Wednesday, May 23, 2012

Questioning the Hot Race -- Will Cooler Heads Prevail?

The race reports I’ve read from fellow runners in the early part of the 2012 race season show quite a few marathon and half marathon runners battling hot and often humid race conditions. It seems like many of the reports are from the same race and the same runner. Each has worked hard over the past several months preparing for the big event. Each striving for a new PR. Each coming face to face with heat, sun, humidity, and then race strategy changes quickly from PR to survival mode. It’s almost heart-wrenching to read and hear what people go through, because I’ve been there, and I know it just plain sucks. It’s not fun. Distance running in hot weather is anything but fun. When the heat cramps, side stitches, nausea, light-headedness, mega thirst, fatigue, or leg cramps set in on a hot day, there’s little you can do to maintain a “decent pace” much less recover and get back on track. It just doesn’t happen. Splits get slower and slower. You walk more and more. You try to drink as much as you can, but it’s not enough. Salt pills help, maybe, but they’re no antidote.  You’re at the mercy of the elements, and all that’s left is to roll with the punches. Your goal is to not pass out on the road.

So what’s the point? On a nice day, or in colder weather, PR’s are much more possible. On a hot day, if you’re goal becomes surviving an ordeal and a guaranteed no new PR, what is the reason to run the race, or finish the race? Maybe we should save our legs for another race?

This past Monday I ran in a cool 57 degrees under the shade of trees and a cloudy sky. It was wonderful. I felt strong, relaxed, fast, and I could have for run miles and miles.  But just the day before a dozen people I knew were racing their hearts out for races they trained for all year, and it was in the 90s with a blazing sun. It was a tortuous day for racing. In a single day the weather can go from allowing you a PR to taking away that PR and putting it under 9 feet of hot concrete.  Eating pasta the day before and getting 10 hours of sleep the night before won’t get you that PR in 90 degree weather; but cooler temps might let you do that on 6 hours of sleep and cheeseburgers. 

Survival mode.

Is that why we run? Is it simply the challenge we seek, so we finish the race grudgingly, even if we get nothing out of it besides a cheap finisher’s medal and a bottle of water to go? I don’t know. I don’t really need any more medals. I like my PR medals the best but those are getting to be too numerous to know what to do with them all. Do I need a medal from a race where all I did was “survive” and “finish”?  After a dozen or so marathons, I’m definitely getting pickier about when and where I run my races. I’m never going to run my “first” marathon again, so my goal is not to simply finish; honestly I don’t want to go through what I went through on my first marathon again (it was in Arizona, and even in March it was hot).  I don’t want to sound like a cranky old man, and yes, I’ll still run races in less than ideal conditions. Hey, I love running in the rain!  Chicago Marathon is regularly a warm race, but I continue to register. But with the availability of fairly accurate weather forecasts (i.e., when they predict the following day is going be 90+ degrees, usually you know it’s going to be a hot day), I think we should keep in mind there are marathons and half marathons all over the country throughout the year. There are options for races as new ones crop up yearly. If we choose to race on the hot day, the strategy should shift from a PR mindset to ‘what can I get out of this race so that I either enjoy it, or learn from it.’  Have fun. I think that’s what it’s supposed to be about. Of course that is easier said than done when the sun’s beating down on your head.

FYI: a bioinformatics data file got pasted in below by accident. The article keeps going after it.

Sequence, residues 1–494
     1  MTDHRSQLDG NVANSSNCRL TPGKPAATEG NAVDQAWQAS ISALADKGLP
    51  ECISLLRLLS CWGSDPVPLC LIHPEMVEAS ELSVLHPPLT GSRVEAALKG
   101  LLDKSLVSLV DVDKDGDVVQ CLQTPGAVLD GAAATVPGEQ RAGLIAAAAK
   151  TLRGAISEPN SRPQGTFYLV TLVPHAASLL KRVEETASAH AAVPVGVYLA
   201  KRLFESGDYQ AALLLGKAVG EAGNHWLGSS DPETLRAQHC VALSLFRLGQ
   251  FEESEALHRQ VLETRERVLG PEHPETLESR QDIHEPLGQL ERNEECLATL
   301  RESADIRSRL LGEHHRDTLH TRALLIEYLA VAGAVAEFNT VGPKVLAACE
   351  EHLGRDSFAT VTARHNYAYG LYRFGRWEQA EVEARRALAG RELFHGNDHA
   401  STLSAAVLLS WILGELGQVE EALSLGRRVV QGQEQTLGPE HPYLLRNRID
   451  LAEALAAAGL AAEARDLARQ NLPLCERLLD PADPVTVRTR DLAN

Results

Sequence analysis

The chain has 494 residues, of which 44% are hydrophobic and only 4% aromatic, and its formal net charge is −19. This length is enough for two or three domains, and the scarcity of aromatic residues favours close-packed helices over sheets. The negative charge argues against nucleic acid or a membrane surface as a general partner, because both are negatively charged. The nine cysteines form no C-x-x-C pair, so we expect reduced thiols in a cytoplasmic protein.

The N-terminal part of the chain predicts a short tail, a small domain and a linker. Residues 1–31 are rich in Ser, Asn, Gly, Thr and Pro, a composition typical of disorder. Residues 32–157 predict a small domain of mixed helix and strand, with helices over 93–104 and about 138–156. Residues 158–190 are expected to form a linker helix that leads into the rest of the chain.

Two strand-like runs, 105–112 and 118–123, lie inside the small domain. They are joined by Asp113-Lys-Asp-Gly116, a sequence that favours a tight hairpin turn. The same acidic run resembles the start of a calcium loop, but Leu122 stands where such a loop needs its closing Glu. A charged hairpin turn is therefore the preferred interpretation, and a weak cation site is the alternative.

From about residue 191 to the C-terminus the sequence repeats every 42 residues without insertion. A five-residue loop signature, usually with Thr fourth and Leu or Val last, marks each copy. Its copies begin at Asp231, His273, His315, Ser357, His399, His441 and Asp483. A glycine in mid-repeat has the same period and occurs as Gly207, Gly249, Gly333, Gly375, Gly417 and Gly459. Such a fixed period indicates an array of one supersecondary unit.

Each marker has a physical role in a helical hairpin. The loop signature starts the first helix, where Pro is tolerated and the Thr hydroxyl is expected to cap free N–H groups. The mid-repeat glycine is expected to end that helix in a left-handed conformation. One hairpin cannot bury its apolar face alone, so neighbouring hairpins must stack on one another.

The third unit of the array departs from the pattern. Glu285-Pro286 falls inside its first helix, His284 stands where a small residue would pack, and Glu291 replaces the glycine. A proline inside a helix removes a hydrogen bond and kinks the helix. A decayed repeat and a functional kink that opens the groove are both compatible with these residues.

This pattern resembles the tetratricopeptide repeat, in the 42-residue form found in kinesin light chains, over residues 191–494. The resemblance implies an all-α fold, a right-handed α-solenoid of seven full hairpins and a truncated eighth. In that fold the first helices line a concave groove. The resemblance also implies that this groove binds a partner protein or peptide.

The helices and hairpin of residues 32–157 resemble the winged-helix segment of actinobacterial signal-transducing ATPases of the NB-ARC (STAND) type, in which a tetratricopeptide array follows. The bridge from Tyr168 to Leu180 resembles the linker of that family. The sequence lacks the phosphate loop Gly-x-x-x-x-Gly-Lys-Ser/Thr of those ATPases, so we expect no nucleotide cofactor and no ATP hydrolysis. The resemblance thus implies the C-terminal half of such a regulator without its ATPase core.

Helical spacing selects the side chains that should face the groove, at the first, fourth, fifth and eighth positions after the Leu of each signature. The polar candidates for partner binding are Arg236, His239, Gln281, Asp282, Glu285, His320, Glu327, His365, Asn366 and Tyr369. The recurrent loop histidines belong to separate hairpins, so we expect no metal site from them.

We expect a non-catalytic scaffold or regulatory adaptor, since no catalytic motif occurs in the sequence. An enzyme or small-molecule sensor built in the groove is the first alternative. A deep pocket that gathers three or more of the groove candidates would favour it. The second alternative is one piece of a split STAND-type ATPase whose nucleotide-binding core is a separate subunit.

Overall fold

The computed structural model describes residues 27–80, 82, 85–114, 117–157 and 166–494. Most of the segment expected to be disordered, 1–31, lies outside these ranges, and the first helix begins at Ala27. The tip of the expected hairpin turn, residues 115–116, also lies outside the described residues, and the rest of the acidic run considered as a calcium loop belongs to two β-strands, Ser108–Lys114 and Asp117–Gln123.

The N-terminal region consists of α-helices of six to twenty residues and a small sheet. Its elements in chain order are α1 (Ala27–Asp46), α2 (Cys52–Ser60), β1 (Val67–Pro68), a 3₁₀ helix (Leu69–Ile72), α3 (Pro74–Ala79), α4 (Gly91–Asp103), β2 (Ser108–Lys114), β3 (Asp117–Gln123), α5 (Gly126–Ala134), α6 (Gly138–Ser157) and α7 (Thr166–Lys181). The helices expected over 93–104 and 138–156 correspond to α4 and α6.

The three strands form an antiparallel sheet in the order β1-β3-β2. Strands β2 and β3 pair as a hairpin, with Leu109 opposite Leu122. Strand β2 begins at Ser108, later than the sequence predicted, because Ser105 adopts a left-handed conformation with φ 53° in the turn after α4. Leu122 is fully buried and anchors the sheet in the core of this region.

I don’t know. The start of another warm summer is upon us, and I’ve got several races of my own scheduled.  I’ve certainly never been afraid to not run a race, but I do have goals for my runs ahead. If it’s a hot day, I will certainly need to change strategies and save those goals for another day. I will probably also disregard much of the above and still try to run them even if it is 90 degrees. Isn’t that what we do?  Are we just stuck in our ways?  Gluttons for punishment? Stubborn?  Fighters?  Survivors?   Is it the human spirit? I don’t know. Will cooler heads prevail? 

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